They, and their sons and daughters, are the sustainers of the popular world, of extended families and of the organizations, from urban to campesino and indigenous communities, from Chiapas and Cherán to Wall Mapu (Mapuche Territory) and the Andes. It’s no accident that we are facing a new witch-hunt when reproduction occupies such an important place in the resistance and in the power of women within their communities.
Women, and their sons and daughters, have disarticulated the nuclear patriarchal family, the power of the Church and the priest, the disciplinary role of the school, the barracks, the hospital and the workshop. They have created a world where collective relations prevail over family relations and the cooperation among them makes that “the sexual division of labor” is “a source of power and protection for women,” as Federici writes about medieval society (p. 41). Paying attention to what happens in a tianguis (outdoor market), an outdoor cafe or a popular barrio makes further comment unnecessary.
The violence to annihilate the popular sectors, through the narco, the femicide and the wars against the peoples, has been designed by the dominant classes to destroy our powers; not only the explicit ones. Federici reminds us that the workers of the 15th Century practiced multiple resistances: they stopped working when they had enough, they only accepted tasks for a limited time, and dressed ostentatiously, in such a way that they were “indistinguishable from the lords” (p. 78).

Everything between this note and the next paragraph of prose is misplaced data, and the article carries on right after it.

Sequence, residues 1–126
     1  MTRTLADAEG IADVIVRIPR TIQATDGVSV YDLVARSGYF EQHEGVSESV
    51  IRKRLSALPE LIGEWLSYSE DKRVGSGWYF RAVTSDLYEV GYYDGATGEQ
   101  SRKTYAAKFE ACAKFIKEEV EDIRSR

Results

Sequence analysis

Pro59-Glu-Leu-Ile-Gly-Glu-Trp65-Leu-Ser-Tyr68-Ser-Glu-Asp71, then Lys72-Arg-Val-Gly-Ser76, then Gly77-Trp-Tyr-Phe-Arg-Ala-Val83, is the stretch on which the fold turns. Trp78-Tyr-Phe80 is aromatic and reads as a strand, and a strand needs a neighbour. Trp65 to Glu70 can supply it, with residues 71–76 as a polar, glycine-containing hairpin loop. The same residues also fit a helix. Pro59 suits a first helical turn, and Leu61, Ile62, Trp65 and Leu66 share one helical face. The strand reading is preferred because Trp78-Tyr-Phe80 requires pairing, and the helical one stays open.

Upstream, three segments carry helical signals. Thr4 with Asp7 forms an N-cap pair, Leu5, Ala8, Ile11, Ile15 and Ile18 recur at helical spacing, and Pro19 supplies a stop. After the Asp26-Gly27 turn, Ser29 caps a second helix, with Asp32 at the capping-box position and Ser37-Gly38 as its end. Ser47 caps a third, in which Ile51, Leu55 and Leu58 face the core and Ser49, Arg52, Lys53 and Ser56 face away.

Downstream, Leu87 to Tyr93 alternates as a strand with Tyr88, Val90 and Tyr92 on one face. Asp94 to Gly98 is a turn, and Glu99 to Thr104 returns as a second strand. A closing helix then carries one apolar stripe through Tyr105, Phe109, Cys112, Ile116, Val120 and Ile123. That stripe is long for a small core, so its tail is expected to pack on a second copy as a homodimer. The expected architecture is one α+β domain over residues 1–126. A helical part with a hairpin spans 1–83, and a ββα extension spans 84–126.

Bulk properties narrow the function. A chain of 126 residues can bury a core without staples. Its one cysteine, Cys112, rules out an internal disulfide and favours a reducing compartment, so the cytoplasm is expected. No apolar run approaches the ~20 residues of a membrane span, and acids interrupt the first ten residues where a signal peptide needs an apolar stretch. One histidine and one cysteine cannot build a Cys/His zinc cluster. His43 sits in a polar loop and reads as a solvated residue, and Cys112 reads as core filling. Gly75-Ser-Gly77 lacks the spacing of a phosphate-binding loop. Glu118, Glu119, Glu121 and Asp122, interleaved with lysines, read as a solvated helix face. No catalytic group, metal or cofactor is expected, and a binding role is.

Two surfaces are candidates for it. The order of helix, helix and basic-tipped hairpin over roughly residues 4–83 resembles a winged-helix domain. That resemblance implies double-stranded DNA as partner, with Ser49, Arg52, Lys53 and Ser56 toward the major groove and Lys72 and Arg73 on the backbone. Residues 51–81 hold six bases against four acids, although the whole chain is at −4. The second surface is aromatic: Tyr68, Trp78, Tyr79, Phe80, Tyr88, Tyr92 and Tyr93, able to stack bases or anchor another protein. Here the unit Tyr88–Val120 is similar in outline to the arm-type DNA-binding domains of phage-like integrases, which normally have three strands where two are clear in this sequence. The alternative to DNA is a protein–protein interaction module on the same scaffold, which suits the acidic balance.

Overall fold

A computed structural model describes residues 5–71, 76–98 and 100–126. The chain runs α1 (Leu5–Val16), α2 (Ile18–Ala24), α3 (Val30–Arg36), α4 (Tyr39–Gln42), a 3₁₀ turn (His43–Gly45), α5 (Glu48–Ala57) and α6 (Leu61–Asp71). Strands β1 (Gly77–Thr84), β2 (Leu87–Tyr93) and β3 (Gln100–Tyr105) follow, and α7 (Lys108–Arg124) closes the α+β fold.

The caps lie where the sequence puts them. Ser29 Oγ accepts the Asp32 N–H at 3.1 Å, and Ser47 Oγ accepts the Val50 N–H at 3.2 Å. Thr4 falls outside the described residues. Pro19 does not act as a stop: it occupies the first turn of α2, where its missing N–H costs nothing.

The new witch-hunt, now without trials or formalities, but rather a clean bullet, is part of capital’s Fourth World War to eliminate us as peoples. To triumph in the class struggle, the bourgeoisie must raze the autonomy of the peoples, of the communities and of the individuals; violence and social policies are, in that sense, complementary. The attack on women and their children is one of the crucial points of this war.
As in the dawn of the system, violence is again the principal agent of capital accumulation in its decadence. Far from any illusion, we must comprehend that the violence is neither an error nor a momentary deviation, but rather a systemic characteristic of capitalism in decadence, particularly in the zones where the dignity of human beings is not recognized.
For that reason, she urges clarifying strategies for confronting the systemic violence and the will to annihilate the peoples. If the femicide and the indiscriminate murder of young people and women are systemic, what sense does it make to elect governments from different parties that are going to maintain the standing system?
 Calibán and the witch: Women, body and original accumulation [Dream Traffickers, 2010]
 According to Wikipedia, mit’a, a Quechua word, meant collective free labor on public works required by the Inca Empire. After the Spanish invaded, the word became mita and the practice became an oppressive system. With respect to the mines, workers were paid very low wages, with which they had to buy their food (from company stores, of course) and pay taxes. They earned so little that they were often unable to pay their debts and were, therefore, not permitted to leave the mines and go home.
Originally Published in Spanish by La Jornada
Friday, August 19, 2016
Re-Published with English interpretation by the Chiapas Support Committee